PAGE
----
In Turkey, President Erdogan’s decision to pull Turkey out of the Istanbul Convention on Violence against Women triggered widespread concern. Domestic violence against women is prevalent in Turkey with regular news of women being killed by partners or disappointed suitors. Also controversial has been a demand by state prosecutors to ban the Kurdish nationalist People’s Democratic Party (HDP). The party won nearly 6 million votes in the last election, but prosecutors allege that it is controlled by the militant Kurdistan Workers Party (PKK). Critics saw both moves as attempts to stem the falling popularity of President Erdogan’s Justice and Development Party (AKP); the first to appeal to Islamist voters and the second to shore up support amongst nationalists and the AKP’s far-right ally, the Nationalist Movement Party (MHP). With 3 million cases of COVID-19, high inflation, and declining investor confidence in the Turkish economy, the AKP is looking less sure-footed than it did in the first decade of the century.
In Iran, news of a huge increase in its nuclear enrichment capability caused concerns across Europe and the USA. The Biden administration is seeking ways to salvage something of the nuclear enrichment agreement from which President Trump withdrew. However, Iranian officials have been sceptical and have demanded an easing of sanctions first. Meanwhile, a key nuclear enrichment site in Iran experienced a major sabotage attack (11 April) that both Iran and the Israeli media attributed to Israeli cyber operations. The two countries are regularly in a “grey zone” conflict, targeting each other’s interests, infrastructure, vessels and key personnel. On the domestic front, parts of Iran are facing a fourth wave of COVID-19 after millions of Iranians travelled during the Persian new year holiday. The country’s main vaccination programme is not expected to begin until May.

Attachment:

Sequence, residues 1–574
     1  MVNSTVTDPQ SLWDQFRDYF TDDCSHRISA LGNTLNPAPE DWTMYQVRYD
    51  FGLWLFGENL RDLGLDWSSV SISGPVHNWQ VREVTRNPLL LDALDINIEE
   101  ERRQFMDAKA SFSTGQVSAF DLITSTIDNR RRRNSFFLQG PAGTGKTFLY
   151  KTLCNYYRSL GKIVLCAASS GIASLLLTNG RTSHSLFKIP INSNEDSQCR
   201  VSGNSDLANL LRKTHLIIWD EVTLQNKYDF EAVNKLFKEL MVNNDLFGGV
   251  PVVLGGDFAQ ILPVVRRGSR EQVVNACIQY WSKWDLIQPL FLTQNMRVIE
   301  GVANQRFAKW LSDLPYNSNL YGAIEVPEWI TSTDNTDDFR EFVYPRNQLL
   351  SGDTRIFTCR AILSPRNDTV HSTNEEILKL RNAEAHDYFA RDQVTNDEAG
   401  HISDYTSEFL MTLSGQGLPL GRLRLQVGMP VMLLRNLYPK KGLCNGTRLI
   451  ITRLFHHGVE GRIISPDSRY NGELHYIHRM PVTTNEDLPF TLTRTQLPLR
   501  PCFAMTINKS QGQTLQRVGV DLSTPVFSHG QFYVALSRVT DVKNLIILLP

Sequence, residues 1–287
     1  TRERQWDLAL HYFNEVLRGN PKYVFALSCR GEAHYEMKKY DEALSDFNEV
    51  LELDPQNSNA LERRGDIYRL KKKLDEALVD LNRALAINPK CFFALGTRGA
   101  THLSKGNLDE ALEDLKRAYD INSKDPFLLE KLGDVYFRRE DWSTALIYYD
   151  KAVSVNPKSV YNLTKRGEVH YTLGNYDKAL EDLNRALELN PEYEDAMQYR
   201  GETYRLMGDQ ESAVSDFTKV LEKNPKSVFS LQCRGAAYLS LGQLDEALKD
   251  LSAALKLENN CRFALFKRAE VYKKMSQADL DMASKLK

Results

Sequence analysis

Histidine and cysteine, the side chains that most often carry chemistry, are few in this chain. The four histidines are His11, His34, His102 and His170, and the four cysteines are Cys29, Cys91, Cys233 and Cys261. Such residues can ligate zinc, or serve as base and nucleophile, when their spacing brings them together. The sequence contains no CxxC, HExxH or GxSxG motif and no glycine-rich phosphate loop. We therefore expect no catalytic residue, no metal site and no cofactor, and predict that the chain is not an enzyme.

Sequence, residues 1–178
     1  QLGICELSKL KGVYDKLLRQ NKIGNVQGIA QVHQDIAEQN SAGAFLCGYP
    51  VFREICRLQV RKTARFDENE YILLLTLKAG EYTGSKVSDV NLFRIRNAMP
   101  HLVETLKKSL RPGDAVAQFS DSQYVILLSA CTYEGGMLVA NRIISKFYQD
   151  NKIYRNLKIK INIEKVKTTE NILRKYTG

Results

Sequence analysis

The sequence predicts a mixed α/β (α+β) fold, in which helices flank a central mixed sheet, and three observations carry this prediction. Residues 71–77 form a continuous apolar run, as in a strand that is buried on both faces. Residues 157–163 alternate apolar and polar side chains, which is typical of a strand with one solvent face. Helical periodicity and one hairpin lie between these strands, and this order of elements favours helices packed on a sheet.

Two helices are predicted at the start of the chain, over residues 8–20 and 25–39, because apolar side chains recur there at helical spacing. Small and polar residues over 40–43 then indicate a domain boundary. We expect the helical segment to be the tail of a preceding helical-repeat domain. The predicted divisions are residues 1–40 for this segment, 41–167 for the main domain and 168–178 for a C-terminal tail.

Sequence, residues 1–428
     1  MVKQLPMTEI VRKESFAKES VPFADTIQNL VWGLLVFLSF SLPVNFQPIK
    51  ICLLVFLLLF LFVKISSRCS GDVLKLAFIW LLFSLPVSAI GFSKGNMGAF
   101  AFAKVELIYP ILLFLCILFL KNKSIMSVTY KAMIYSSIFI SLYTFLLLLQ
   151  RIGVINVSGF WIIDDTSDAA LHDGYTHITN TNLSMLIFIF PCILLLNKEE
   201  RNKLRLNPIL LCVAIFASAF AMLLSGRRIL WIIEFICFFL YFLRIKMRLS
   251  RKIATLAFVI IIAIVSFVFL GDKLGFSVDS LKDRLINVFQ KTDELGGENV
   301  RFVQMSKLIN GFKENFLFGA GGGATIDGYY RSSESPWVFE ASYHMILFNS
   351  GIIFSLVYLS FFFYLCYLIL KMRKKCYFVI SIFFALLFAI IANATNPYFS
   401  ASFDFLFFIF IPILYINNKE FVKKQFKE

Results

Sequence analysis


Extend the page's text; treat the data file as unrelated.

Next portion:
Anti-government protests in Tunisia escalated again at the end of March. Hundreds of protestors in the southern city of Tataouine tried to storm a local government building demanding jobs. The country’s fledgling democracy is also bearing the strain of a president who is refusing to swear in a number of ministers approved by parliament and a prime minister who dismissed several cabinet ministers close to the president. Although Tunisia has seen more success than other Arab Spring countries in moving away from authoritarianism, it continues to experience huge youth unemployment.
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No deal on the Nile
Important talks between Egypt, Sudan and Ethiopia over its giant hydropower dam on the Blue Nile have ended without a breakthrough. Ethiopia has reneged on a 2015 declaration signed by the three countries that would lead to detailed agreement over how the new dam is operated. Egypt and Sudan depend on the Nile’s waters and, without regulation of how the new dam is filled, Egypt fears water scarcity as soon as 2025.
In other respects, the future of Sudan is looking brighter. The country suffers from chronic underdevelopment but its removal from the US list of state sponsors of terror – after it paid compensation to US victims of al-Qaeda attacks – has opened the door to possible World Bank and IMF debt relief. A peace agreement signed between Sudan and a rebel movement in the Blue Nile and South Kordofan provinces was another step towards a comprehensive peace in the country and also the promotion of religious freedom. Both provinces are predominantly Christian and faced a bombing campaign under ousted President Al-Bashir. The new agreement makes a clear commitment to the separation of religion and state.